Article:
The Digital Economy Bill - will it come in time?

Nick McDonald of Browne Jacobson has written to the IPKat with the following:

"Her Majesty in yesterday's Queen's Speech said the following: "My Government will introduce a Bill to ensure communications infrastructure that is fit for the digital age, supports future economic growth, delivers competitive communications and enhances public service broadcasting".

The Digital Economy Bill will:
  • Reform the law on online copyright infringement - by creating duties on Ofcom to require ISPs to take action against identified file sharers, and giving Ofcom and/or ISPs the power to disconnect persistent file sharers;
  • Introduce "changes to copyright licensing" - the exact detail of which is as yet unclear;
  • Give Ofcom powers to appoint and fund Independently Funded News Consortia - essentially aimed at encouraging the proliferation of independent news media;
  • Give Ofcom new duties to promote investment in infrastructure and public service media content, and to carry out an assessment of the UK’s communications infrastructure every two years;
  • Support investment in next generation technologies through spectrum modernisation - pretty technical; all about bandwidths, how many of them are available, and who owns them;
  • Update the regulatory framework to make moves to digital switchover for radio possible by 2015;
  • Update Channel 4's functions to encompass public service content on all media platforms - online as well as television;
  • Protect children by making age ratings compulsory for all boxed video games designed for those aged 12 or above.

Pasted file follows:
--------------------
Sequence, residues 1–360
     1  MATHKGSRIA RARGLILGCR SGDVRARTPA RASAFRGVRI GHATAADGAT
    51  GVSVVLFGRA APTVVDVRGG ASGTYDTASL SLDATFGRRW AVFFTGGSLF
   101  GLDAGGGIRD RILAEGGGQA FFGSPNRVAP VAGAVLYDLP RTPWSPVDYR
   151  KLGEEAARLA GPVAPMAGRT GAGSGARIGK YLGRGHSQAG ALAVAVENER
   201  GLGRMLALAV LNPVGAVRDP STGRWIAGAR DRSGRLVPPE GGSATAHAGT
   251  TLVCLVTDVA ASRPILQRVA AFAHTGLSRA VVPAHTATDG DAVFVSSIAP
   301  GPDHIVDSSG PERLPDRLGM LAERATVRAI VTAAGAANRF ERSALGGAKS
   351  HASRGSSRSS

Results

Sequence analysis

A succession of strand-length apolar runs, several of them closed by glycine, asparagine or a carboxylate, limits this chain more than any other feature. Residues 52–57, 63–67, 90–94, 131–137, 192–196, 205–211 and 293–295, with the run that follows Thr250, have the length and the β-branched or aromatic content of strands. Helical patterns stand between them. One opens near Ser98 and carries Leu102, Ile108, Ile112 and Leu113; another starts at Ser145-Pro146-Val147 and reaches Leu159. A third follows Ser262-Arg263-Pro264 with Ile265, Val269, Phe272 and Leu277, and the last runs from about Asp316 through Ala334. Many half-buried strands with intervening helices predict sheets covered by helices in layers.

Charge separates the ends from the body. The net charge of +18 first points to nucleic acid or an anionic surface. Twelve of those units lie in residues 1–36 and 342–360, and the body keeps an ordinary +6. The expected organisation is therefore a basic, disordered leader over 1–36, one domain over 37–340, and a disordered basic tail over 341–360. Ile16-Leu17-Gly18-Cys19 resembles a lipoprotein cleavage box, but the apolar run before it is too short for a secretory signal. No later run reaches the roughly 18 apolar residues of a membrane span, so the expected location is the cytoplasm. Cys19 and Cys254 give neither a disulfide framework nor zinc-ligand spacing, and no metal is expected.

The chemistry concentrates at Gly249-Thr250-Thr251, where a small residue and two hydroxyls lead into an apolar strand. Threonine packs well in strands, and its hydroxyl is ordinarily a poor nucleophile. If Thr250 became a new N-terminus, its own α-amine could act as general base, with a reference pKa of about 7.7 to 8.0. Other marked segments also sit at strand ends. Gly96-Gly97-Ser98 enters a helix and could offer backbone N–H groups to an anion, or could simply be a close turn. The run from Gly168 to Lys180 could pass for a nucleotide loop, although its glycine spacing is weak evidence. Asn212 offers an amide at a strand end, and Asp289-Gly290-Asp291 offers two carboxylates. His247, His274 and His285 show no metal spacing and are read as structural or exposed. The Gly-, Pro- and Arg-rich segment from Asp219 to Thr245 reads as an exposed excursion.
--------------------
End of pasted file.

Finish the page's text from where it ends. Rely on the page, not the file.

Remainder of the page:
There is no mention of whether the Bill will echo the Government's Digital Britain Report of June 2009 in seeking to "modernise" (Therefore presumably extend) the fair use copyright infringement exceptions.

Clearly, the main IP change will be in relation to tackling file sharing. The No.10 website describes the new legislation being aimed at:
"tackling widespread copyright infringement via a two-stage process. First by making legal action more effective and educating consumers about copyright on-line. Second through reserve powers, if needed, to introduce technical measures, such as disconnection".
There has been a lot of commentary on this issue in the media over the last few years: Is it achievable? Will it work? Is it desirable? Either way, it appears the Government is going to try. It may not solve the problem immediately, but it will certainly strike a major blow against illegal downloading."

The IPKat thanks Nick for his thoughts, but is not sure himself whether the Bill will even come to pass, given that this government has only a few months left to run and is very unlikely to be re-elected. As for "striking a blow against illegal downloading", the IPKat is even less sure. The whole thing seems to be more like an attempt by the music industry to force through some very ill-thought-through legislation that will do more harm than good (if it does any good at all). For more on the issue, the IPKat would like to point his readers to the recent writings of Cory Doctorow and the Open Rights Group, both of whom have a lot more to say on the subject.

More sledgehammers here; more nuts here.
The Digital Economy Bill - will it come in time? The Digital Economy Bill - will it come in time? Reviewed by David Pearce on Thursday, November 19, 2009 Rating: 5


  1. Well the Guardian says Mandy is pushing to have this bill pushed through as a no-vote statutory instrument:

    And no, this won't turn back time and undo the arrival of the mass digital copying machine (aka "internet").

  2. Let's hope that this is Lord Mandelson's third and last strike. This sounds like an embarrassing and gratuitous capitulation to American entertainment lobbyists.